In my first Svaroopa® yoga class, I benefited physically and emotionally.  So I kept returning.  I also began to visit the Ashram website regularly.  I read Swami Nirmalananda’s monthly articles and listened to her online audios.  I went to her programs in Massachusetts and even traveled to her programs in Downingtown PA.

Through the years my mind has become quieter.  I am less judgmental, I am more open and less defensive.  I have more compassion for others.  And my glass is no longer half empty!

Lajja and SwamijiThis profound change in my outlook is due to Swamiji’s teachings.  They have awakened me to my own Self.  She says it is “the mystery that is hidden inside every human heart and being.” This perspective informs all of Swamiji’s teaching.  Warm, lighthearted and down-to-earth, she makes the mystical teachings accessible through examples from our everyday lives and relationships.  I am forever grateful to experience this Grace through her teachings and presence.

Because she has taken vows as a swami, she receives no compensation.  We students do pay tuition for programs, retreats and professional trainings.  As with any institution of learning, however, the total cost of the physical and technological infrastructure exceeds tuition.  That’s why I make a monthly donation to our Ashram.

Years ago, I took a course on finances and retirement planning.  The instructor stressed the importance of giving and the need to consistently give.  That was the first time I set up a recurring gift.  That was my first realization that giving to something that I believe in should not be an afterthought but a forethought.  Adding a charitable line to my budget was doable.  That charity got a benefit, and I did too.  It felt good to give.  Now, a decade later, I am still giving to that charity.  And I am delighted to have also become a monthly donor to our Ashram.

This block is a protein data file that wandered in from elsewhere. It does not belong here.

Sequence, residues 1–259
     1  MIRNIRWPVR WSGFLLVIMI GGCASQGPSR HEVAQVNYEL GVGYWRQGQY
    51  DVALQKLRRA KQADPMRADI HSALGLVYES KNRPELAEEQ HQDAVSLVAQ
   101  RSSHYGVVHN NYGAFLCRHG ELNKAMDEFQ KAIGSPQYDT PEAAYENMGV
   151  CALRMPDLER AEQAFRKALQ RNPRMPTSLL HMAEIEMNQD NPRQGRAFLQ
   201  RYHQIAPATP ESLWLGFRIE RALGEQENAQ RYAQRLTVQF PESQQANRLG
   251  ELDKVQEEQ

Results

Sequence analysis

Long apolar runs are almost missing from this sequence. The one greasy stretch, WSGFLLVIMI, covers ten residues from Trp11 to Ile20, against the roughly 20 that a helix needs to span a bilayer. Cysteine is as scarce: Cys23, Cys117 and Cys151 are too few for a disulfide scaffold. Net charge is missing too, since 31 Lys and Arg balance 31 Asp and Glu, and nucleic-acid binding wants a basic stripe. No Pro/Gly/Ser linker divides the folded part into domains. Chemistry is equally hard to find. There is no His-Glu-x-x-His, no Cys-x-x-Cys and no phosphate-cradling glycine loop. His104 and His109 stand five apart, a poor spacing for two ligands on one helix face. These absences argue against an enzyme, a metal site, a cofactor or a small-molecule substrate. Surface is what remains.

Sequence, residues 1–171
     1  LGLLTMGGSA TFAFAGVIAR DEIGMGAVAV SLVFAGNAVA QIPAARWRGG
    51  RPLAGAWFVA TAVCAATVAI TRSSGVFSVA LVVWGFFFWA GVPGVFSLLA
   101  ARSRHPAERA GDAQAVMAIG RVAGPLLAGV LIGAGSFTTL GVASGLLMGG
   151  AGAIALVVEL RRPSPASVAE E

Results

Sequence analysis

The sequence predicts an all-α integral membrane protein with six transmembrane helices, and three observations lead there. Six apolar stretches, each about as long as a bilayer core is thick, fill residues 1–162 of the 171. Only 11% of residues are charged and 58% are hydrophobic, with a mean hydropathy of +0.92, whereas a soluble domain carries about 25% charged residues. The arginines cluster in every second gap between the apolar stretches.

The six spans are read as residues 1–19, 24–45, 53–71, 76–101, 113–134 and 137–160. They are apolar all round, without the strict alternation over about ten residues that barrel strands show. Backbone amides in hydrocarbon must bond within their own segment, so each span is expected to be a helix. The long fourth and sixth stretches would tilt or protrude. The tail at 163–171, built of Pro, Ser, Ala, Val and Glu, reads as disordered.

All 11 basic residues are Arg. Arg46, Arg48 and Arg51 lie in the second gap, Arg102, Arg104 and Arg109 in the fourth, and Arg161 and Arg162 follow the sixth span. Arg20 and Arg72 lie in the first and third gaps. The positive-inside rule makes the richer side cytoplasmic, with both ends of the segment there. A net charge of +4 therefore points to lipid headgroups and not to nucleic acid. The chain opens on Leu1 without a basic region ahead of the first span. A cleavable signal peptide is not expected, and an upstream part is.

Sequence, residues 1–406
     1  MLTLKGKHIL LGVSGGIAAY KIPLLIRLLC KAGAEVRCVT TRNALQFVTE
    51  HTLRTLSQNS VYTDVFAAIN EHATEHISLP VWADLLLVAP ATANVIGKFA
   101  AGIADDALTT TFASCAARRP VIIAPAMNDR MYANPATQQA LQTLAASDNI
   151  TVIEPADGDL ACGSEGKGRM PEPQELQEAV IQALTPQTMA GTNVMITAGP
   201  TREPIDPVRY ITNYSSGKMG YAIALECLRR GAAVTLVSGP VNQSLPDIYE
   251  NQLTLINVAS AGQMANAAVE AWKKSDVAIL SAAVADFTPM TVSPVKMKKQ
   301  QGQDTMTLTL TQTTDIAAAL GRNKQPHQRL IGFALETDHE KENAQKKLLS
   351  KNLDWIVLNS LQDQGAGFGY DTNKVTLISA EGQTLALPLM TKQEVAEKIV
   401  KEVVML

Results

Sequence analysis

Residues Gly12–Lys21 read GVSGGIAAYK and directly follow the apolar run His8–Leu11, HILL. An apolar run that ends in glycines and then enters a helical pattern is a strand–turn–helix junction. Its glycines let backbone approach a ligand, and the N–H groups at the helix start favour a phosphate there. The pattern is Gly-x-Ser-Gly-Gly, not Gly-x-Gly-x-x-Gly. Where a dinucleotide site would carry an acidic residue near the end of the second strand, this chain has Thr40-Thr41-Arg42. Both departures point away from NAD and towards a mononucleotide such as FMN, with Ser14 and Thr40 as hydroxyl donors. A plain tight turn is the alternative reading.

It’s very exciting to see that so many of you feel the same way.  Over the first 10 days of our Make a Promise campaign, 11 donors in our SVA Community have increased their monthly donations by $ 46.00 on average, an increase of $6,156.00 in the upcoming year.  We are enormously grateful to all of you.

2018 Make a Promise Fundraising LogoIf you have not yet increased your monthly gift — or made a monthly pledge — please consider how the practices of Svaroopa® Sciences have benefited you.  Of course, there is no way to give back for the Grace we receive.  But you can promise yourself to express your gratitude by supporting the Ashram operations that make possible Swamiji’s work in the world.

Whether you increase your monthly pledge or decide to add that budget line item, give from your heart.  Or make a one-time donation, in any amount.  You know what is right.

Click here to donate.